Life jackets and safe boating can help save lives
Written by: Annette Ross
At Black Canyon Dam in Emmett, Idaho, work crews clear debris away from canal and powerplant intakes all summer long. Dan Dunnam says he’s always careful launching at boat ramps.National Safe Boating Week is May 18–24, 2019. The Bureau of Reclamation Pacific Northwest Regional Office is recognizing the importance of safe boating through several activities aimed at reminding watercraft users to practice boating and life jacket safety while working or enjoying activities on the lakes, rivers, and reservoirs.
The Coast Guard’s latest statistics (2017) show drowning as the cause of death in 76% of all fatalities. Nearly 85% of those who drowned were not wearing a life jacket. Also, recreational boating accidents caused 658 deaths, more than 2,600 injuries, and about $46 million in property damage.
We asked some of our experts about their thoughts on improving safety on the water. Here’s what they tell us!
“No life jacket? Not cool,” said Hydromechanic Cody Brite. “Wear a life jacket, it’s the smart thing to do!” Brite helps secure buoys and performs other maintenance on Lake Roosevelt at Grand Coulee Dam in Washington State. All Reclamation employees wear personal flotation devices (PFD) when operating or riding in watercraft on the job.
Grand Coulee Dam Geologist Mike Bjorklund says, “Keep an eye out for other boats and know the basic rules of boating.” As a certified Reclamation motor boat operator, he is responsible for piloting his boat safely and in accordance with maritime navigation rules.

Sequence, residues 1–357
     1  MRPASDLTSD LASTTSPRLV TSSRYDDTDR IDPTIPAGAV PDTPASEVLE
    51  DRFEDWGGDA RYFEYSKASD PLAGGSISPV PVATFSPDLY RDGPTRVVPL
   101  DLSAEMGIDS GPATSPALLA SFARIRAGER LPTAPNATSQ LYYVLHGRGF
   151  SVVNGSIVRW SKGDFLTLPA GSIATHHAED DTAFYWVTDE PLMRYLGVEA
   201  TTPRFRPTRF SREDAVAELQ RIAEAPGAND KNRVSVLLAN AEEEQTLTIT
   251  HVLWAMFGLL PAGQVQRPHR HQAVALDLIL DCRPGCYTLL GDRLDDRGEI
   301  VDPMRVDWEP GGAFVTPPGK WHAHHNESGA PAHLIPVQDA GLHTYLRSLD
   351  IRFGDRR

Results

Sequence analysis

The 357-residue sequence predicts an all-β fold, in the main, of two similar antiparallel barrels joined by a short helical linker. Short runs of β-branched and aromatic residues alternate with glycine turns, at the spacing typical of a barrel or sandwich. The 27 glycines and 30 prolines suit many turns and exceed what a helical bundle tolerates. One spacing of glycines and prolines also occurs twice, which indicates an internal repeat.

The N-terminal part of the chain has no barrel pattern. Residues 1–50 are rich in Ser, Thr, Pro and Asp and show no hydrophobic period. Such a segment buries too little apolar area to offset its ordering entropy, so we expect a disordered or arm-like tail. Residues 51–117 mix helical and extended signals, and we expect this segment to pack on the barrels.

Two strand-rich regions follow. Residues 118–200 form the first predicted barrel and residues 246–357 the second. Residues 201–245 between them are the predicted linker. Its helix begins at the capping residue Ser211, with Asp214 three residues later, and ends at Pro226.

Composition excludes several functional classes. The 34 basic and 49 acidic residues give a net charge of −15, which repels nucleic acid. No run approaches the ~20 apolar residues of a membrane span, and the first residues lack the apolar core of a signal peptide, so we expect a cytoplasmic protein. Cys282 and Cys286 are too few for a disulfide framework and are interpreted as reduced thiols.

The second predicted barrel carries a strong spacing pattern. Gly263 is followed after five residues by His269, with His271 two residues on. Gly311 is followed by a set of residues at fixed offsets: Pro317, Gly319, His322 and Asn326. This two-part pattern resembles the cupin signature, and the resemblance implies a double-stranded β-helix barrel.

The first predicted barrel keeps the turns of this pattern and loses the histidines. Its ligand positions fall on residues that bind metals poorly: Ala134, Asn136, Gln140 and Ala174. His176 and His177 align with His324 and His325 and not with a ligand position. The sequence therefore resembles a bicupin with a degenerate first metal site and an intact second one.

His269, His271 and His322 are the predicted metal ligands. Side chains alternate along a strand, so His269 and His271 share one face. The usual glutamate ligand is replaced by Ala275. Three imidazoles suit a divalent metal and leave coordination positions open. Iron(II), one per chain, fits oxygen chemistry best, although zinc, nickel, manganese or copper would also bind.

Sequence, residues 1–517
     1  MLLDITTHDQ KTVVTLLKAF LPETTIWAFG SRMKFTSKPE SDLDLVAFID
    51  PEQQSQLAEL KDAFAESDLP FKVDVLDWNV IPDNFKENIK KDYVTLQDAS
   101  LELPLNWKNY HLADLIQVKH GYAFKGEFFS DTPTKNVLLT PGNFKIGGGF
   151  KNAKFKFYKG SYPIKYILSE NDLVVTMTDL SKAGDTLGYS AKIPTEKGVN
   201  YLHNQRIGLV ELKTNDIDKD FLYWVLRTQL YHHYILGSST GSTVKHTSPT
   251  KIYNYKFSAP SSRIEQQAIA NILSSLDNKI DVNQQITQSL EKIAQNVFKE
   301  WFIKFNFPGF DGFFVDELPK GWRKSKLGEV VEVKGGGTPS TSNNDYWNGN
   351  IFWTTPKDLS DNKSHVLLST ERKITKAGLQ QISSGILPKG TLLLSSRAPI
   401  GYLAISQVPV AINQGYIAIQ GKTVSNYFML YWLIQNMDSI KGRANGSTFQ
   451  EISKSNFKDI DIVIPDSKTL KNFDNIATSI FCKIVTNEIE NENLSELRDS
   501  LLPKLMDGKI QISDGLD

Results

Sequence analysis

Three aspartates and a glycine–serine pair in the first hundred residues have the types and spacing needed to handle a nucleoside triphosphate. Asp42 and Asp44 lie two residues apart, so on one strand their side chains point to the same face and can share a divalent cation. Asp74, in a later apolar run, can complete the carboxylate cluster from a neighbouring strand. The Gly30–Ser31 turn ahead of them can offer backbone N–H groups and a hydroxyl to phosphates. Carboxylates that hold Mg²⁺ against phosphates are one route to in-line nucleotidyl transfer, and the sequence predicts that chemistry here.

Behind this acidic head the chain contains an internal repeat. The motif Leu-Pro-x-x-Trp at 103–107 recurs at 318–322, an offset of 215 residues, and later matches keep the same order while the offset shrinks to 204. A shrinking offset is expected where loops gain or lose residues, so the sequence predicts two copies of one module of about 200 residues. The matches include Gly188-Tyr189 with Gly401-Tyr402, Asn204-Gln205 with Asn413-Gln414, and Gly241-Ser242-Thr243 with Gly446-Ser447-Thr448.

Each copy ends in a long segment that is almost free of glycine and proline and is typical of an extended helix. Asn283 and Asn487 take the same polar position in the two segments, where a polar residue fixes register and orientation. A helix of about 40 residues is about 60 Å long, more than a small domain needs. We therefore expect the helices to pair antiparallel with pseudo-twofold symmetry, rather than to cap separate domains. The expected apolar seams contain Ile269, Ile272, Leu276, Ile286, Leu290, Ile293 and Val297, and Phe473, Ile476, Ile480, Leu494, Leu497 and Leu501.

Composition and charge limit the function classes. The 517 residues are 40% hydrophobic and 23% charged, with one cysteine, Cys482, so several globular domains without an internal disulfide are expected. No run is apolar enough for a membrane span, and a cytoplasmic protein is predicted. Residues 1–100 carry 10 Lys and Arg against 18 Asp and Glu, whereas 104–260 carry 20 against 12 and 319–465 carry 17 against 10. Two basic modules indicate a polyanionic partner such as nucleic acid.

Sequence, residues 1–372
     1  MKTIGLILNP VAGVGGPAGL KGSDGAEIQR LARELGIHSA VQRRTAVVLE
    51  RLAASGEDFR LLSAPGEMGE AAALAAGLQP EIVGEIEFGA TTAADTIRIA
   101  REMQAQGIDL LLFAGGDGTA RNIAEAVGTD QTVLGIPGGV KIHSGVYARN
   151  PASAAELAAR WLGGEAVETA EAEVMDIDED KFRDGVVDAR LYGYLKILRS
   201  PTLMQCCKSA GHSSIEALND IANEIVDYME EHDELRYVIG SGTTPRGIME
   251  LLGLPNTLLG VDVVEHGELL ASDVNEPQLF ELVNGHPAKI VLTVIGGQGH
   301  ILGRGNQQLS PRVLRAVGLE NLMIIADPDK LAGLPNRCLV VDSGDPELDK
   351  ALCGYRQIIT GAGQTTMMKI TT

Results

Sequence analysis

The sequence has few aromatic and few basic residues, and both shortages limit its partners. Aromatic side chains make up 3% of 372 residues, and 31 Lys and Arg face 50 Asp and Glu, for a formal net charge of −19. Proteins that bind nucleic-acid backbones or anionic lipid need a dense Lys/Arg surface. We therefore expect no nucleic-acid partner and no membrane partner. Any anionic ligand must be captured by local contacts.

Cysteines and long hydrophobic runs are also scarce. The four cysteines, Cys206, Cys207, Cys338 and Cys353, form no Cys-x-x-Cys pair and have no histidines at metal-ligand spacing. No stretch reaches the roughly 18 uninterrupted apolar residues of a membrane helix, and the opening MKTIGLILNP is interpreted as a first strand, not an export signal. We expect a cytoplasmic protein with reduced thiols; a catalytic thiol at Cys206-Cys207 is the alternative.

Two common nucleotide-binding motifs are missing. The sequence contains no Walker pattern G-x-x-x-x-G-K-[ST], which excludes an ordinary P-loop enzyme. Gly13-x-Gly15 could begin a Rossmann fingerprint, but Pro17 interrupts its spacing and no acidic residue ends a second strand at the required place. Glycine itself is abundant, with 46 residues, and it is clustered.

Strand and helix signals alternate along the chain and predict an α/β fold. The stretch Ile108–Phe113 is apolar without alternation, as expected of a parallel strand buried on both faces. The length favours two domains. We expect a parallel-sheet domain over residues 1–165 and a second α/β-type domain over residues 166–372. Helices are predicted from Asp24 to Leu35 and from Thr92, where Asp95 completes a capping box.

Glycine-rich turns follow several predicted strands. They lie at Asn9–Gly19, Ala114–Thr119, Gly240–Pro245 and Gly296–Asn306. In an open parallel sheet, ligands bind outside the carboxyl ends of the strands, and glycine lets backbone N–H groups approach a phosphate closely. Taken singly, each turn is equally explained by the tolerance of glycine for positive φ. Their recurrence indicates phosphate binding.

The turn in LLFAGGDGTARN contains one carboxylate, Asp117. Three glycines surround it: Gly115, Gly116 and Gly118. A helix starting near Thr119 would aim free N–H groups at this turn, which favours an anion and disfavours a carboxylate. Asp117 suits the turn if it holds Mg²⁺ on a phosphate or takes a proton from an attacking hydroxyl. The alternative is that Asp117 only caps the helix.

“Be prepared for anything,” said Chemist Norbert Cannon in Boise, Idaho. Cannon spends about 12 weeks throughout the summer on the water collecting water samples from Reclamation reservoirs. He advises boaters to be aware of hazards in and around you and to monitor weather conditions.
At Black Canyon Dam in Emmett, Idaho, Dan Dunnam says, “Watch out for kids, co-workers, or anyone else when backing your boat into the water. Make sure each watercraft has a life jacket or PFD for each person on board, and a throwable PFD.”
“Be sure to outline a plan with a safety protocol for checking in with family and friends,” said Chris Humphries with the Yakima Field Office in Washington. “Have back up communications on board such as a satellite messenger unit to send an SOS signal in case cell service is unreliable.”
Be careful while you are out on the water having fun or working. Safe Boating Week is not just May 18–24, but it is all year long!
Published on May 17, 2019